Ecuador MPs approve media curbs

Ecuador's president Rafael Correa President Correa has had several rows with journalists since first taking office in 2007

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Ecuador's National Assembly has passed a controversial bill creating a media watchdog and redistributing radio and television frequencies.

The bill is set to limit the number of private broadcasters, which currently account for the majority of the media.

Opposition leaders called it a "gagging law", but the government said it would prevent media abuse and monopolisation.

President Rafael Correa has had a number of rows with journalists and is accused of trying to control the press.

The bill creates a supervising body charged with "surveillance, auditing, intervention and control" and with "sanctioning capacity" over newspapers and broadcasters.

Ecuador's politicians have been debating the media law for more than three years.

But the vote on the law, although widely discussed, had been left pending by the last legislature.

The new assembly, controlled by Mr Correa's Alianza Pais party, which won nearly three-quarters of the 137 seats at February elections, approved it with an overwhelming majority.

'Death certificate'

The bill will see radio and television frequencies revised so that a third of broadcast frequencies are reserved for state media, a third for private broadcasters and a third for community groups, which are mostly indigenous.

The government says this is in order to promote the "socialisation and democratisation" of media.

Meanwhile, the bill calls for the punishment with fines or mandatory public apologies of media outlets considered guilty of "media lynching", defined as concerted and repetitive defamation of individuals or companies.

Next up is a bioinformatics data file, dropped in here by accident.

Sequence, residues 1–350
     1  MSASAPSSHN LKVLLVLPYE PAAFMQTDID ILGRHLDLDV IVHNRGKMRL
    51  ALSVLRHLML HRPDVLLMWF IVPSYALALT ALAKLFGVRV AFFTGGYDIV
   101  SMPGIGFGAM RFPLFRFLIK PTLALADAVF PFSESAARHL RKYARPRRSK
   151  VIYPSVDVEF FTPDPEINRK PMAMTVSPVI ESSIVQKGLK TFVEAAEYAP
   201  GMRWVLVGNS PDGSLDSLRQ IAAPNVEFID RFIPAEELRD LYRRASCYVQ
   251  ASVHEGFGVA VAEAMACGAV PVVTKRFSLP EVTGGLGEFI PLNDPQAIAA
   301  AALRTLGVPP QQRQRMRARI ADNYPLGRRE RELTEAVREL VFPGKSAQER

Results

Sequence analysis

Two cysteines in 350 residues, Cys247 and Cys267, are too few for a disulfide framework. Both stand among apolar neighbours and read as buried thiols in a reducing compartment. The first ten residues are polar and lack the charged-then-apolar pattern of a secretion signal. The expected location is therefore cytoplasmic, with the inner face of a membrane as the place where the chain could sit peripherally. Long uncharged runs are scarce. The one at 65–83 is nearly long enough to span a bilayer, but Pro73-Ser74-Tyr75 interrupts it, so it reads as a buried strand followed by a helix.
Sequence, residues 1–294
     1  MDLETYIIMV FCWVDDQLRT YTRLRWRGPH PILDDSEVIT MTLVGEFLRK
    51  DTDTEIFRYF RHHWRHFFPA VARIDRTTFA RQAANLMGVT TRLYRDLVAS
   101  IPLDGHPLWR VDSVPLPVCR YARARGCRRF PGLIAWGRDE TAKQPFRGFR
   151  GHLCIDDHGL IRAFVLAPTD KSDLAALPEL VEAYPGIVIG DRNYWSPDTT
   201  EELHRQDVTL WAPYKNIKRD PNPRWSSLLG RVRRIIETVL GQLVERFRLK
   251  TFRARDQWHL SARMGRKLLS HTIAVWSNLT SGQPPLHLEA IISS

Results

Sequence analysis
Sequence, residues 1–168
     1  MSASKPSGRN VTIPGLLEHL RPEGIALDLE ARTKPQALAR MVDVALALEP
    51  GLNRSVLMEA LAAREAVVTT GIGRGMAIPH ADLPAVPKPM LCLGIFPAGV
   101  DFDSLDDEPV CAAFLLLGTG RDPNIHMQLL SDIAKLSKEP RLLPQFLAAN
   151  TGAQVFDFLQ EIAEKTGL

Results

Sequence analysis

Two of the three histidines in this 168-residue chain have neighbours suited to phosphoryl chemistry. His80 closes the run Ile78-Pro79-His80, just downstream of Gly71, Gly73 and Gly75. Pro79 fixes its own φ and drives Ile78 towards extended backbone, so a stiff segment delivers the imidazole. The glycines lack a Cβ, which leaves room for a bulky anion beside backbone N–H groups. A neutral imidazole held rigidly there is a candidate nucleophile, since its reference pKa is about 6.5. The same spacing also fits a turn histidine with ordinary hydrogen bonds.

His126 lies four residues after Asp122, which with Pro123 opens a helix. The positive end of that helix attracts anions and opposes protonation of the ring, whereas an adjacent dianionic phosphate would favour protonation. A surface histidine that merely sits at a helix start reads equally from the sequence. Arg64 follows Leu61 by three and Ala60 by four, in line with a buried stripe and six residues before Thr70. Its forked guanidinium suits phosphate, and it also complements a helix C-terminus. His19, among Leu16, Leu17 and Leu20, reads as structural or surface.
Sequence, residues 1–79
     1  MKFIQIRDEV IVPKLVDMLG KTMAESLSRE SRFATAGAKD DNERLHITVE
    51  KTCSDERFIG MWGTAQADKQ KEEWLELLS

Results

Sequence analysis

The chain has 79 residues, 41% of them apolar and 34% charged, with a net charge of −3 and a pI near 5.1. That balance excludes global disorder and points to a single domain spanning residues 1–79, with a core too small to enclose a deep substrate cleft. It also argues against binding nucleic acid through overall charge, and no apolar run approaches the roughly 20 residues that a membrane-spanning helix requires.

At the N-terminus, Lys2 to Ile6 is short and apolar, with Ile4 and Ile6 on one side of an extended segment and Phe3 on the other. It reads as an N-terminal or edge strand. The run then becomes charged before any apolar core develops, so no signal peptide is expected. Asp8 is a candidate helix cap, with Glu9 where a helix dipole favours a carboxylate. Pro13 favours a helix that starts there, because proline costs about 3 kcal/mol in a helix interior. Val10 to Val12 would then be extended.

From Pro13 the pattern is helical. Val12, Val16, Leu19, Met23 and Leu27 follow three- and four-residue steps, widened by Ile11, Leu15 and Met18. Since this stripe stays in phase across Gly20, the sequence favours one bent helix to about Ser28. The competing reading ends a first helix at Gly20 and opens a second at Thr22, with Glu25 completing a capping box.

Government supporters say the reforms would make communications more democratic, giving a stronger voice to different groups.

"[We say] never again to monopoly, the concentration of media in the hands of the few," Assembly speaker Mauro Andino told website El Comercio, praising the "equitable" distribution of frequencies.

But opposition figures say the bill is an attempt to neutralise independent broadcasters.

They say Mr Correa is cracking down on freedom of expression.

"Today the death certificate of freedom of expression has been signed," tweeted opposition assembly member Andres Paez.

"We are on the way to consolidating a fascist regime."

Mr Correa, 50, stands accused of implementing policies that have served to strengthen his hold on power and erode the influence of political opponents and private media.

But his so-called citizens' revolution has made him popular with many ordinary Ecuadoreans, while winning him friends among other Latin American left-wing leaders.

Mr Correa, a US-trained economist, took office in 2007 and was recently re-elected for an unprecedented third term.

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